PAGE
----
When al-Marri’s case reached the Fourth Circuit, the court once again sustained the “enemy combatant” power. It is that decision that al-Marri is now appealing to the U.S. Supreme Court. While the government might try the same legal trickery it employed in the Padilla case, it might find it a bit more difficult to simply convert al-Marri from an “enemy combatant” to a federal criminal defendant. The reason? Recall that al-Marri began his long journey as a criminal defendant. When the federal judge granted the government’s motion to dismiss those charges, he did so “with prejudice,” which means that those particular charges are barred from ever being brought against al-Marri again. (While an article in Sunday’s Washington Post cited legal experts as saying that the government could transfer al-Marri back to federal court jurisdiction, the article failed to address the problem of the “with prejudice” dismissal of the original criminal charges against al-Marri.)
Here at The Future of Freedom Foundation, we have long argued against the assumption and exercise of the “enemy combatant” power, even with the right of habeas corpus. We have pointed out that those who were arguing that President Bush could be trusted with such power were misguided and short-sighted. We have said that such dictatorial power is irreconcilable with the principles of a free society. We have emphasized that the issue wasn’t whether Bush should be trusted with such power but rather whether one’s worst enemy should be trusted with such power.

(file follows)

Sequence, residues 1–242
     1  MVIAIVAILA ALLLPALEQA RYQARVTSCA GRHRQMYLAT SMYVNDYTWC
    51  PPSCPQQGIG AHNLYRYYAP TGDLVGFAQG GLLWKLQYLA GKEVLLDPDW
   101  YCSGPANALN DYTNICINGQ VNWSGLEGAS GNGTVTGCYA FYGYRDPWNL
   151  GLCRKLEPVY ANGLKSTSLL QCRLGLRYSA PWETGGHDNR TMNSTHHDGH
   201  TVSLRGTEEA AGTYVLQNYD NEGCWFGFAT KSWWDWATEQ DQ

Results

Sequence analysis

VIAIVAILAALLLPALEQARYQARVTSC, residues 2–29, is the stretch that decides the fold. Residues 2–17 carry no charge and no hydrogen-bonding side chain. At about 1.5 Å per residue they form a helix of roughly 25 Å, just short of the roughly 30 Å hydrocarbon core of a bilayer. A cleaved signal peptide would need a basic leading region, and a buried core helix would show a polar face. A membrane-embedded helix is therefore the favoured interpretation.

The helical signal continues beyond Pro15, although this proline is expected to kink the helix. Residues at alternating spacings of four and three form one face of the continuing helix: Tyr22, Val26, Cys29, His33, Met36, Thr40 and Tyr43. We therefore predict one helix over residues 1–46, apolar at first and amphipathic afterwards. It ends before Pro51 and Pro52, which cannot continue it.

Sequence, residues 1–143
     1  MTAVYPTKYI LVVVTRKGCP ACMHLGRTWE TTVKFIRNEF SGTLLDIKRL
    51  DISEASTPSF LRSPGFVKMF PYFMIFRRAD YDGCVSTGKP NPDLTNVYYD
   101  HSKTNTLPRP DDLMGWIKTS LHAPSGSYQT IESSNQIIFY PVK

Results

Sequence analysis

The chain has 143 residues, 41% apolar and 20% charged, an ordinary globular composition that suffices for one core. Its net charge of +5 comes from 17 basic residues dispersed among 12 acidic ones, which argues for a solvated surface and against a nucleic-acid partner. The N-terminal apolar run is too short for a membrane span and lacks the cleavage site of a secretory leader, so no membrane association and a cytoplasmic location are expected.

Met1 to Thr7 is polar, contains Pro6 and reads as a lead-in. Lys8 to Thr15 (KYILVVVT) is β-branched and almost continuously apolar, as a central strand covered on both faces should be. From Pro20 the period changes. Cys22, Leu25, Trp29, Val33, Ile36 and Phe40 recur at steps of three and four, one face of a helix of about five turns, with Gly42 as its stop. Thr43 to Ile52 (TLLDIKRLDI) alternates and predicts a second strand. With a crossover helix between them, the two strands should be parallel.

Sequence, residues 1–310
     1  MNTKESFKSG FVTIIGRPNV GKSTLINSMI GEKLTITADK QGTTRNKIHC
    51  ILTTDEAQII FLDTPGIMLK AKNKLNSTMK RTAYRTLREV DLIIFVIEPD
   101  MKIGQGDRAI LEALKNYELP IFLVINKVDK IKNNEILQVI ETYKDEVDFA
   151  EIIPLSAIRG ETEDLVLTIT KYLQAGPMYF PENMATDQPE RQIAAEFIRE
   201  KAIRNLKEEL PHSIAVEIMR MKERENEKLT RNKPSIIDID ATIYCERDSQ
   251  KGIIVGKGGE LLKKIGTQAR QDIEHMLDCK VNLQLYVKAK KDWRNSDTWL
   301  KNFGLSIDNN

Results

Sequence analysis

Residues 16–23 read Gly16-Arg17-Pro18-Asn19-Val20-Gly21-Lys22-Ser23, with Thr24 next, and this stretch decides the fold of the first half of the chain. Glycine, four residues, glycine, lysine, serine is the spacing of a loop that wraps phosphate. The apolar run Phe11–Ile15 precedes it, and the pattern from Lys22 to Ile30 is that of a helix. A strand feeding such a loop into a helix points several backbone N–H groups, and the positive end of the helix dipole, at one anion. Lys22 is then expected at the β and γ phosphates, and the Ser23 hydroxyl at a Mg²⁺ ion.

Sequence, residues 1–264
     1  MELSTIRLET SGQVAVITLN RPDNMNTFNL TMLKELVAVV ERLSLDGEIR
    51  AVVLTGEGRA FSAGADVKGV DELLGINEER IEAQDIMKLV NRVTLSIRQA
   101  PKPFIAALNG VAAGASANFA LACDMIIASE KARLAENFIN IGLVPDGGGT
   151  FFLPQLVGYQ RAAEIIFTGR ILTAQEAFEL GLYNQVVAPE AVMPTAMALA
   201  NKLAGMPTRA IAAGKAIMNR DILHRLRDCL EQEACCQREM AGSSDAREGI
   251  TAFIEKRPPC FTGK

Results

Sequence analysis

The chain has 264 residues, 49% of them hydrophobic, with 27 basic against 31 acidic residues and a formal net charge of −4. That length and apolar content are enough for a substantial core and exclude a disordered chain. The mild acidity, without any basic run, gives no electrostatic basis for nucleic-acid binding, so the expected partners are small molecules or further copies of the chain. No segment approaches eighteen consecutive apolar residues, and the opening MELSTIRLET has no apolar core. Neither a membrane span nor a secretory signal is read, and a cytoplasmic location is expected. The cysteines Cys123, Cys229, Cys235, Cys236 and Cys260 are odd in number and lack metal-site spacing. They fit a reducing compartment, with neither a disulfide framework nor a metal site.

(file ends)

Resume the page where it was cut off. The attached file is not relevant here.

But conservatives never thought the day would arrive when they would lose power to a Democratic president. Bush would be in power for 8 years, followed by a succession of Republican presidents, they felt, especially since Americans were unlikely to change parties in the midst of perpetual “war.”
Then, conservatives’ worst fear materialized — the election of a Democrat and, even worse from their perspective, one, they said, whose middle name was Hussein, whose father was a Muslim, who had ties to terrorists, and who associated with an extremist Christian preacher. He’s the man who now wields the omnipotent powers that, thanks to conservatives, were traded to the president and the military for the aura of “safety” from “the terrorists.”
Will Obama reverse the Bush administration’s position on the “enemy combatant” power? Will he ask the Supreme Court to hear the al-Marri case and rule in al-Marri’s favor ? Don’t count on it. As Stephen A. Saltzburg, a George Washington University law professor, put it, Obama’s advisers may persuade him “that we have to worry about another attack, and in case of an attack we need this power.”
Will conservatives reverse their support of the “enemy combatant” power now that Obama will be wielding it? For that matter, will liberals who previously opposed such power reverse their position now that their man is wielding the power? One thing is certain: libertarians will remain consistent in their opposition against dictatorial power regardless of which political party is in power.